Micro Content is the future of Marketing
In this episode of The Brief, Andrew sits down with tech veteran Adrian Salamunovic, who shares some of his experiences in building successful businesses and why he thinks micro content is the future of marketing. Salamunovic is a co-founder of innovative companies DNA11, CanvasPop and PopKey, and a driving force behind WorkshopX, a team of entrepreneurs, technologists, creators, and designers building great web based businesses.
A technology entrepreneur since his teenage years, Salamunovic has become known for his success in getting his companies noticed. DNA11, a company he co-founded in 2005, had its unique DNA portraits featured in many mainstream media outlets, including the New York Times, Good Morning America, and as a plot element on TV’s CSI:NY.
“If you have a remarkable product and combine that with PR, you can
create companies very inexpensively.”
– Adrian Salamunovic
Salamunovic’s latest venture is PopKey, a “3rd party keyboard for iOS 8 that offers users the ability to easily insert animated GIFs into SMS message or email.” (www.popkey.co) Animated GIFs are an example of one of the biggest trends in content marketing right now: micro content.
What is micro content?
If you use social media, you’re pretty much guaranteed to have encountered micro content on a regular basis. For example: tweets, headlines, images, and – here’s where PopKey comes in – animated GIFS.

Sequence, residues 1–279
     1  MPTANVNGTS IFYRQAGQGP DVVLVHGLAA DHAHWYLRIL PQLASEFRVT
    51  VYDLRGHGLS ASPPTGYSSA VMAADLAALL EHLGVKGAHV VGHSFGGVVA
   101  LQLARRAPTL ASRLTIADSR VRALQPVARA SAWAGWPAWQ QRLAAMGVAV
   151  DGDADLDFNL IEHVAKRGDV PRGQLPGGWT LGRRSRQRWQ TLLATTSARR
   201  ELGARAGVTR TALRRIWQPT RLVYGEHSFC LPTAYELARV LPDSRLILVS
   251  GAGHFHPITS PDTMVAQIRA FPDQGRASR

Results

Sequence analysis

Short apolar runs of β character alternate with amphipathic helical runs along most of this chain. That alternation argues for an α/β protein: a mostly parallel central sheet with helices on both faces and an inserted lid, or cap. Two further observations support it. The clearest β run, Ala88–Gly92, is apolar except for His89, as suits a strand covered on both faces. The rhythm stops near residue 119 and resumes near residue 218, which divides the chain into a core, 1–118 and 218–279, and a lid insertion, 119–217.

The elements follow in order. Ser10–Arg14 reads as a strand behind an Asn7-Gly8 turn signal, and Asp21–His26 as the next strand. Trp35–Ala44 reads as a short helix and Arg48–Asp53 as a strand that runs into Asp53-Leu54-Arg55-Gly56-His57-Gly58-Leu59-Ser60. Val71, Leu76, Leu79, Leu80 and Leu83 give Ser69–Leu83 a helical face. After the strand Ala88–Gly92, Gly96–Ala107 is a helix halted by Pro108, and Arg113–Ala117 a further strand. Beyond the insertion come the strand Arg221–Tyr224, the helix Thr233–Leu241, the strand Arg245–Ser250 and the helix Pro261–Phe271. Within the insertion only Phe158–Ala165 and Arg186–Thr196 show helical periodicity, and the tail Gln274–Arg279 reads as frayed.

On the surface, PopKey’s GIF keyboard offers users a simple way to enhance – or even replace – plain text messages with fun visuals. Salamunovic, however, sees PopKey as much more.
“A lot of the companies we’ve created are like icebergs –
what you see is not necessarily what’s being built.”
– Adrian Salamunovic
To establish PopKey as a powerful mobile branding platform, the company has partnered with big-name brands such as MTV, Starbucks and Nike to offer customized GIFs that let users identify with their favourite products and shows as they interact online.
Why does micro content matter?
While broader social media platforms like Instagram and Twitter remain popular, more and more mobile users are gravitating towards one-on-one interaction via messaging apps. Messages are faster and less intrusive than a lengthy email or video call. And, as Salamunovic notes, messages have a nearly 100% open rate – which makes them a prime vehicle for marketers, if they can figure out how to infiltrate the medium and offer value to users. Well-crafted micro content is ideally suited for this.
In particular, marketers are looking to micro content to engage millennials, that unique demographic of 18-34 year olds who spend hours online, have big spending power and short attention spans, and are widely felt to be wary of traditional advertising. Video, which was once thought to be a game-changer in micro content, has proven to be too labour-intensive for most users. Animated GIFs, on the other hand, let users express their personality and creativity with very little investment of time or energy, which explains their growing popularity.
It’s anyone’s guess what micro content will look like going forward. But whether it’s animated GIFs or another short and easily shareable snippet of content, Salamunovic feels he’s built a powerful platform for advertisers who previously had no easy way to break into messaging apps. “Micro content is the future, and we’re part of that,” he says.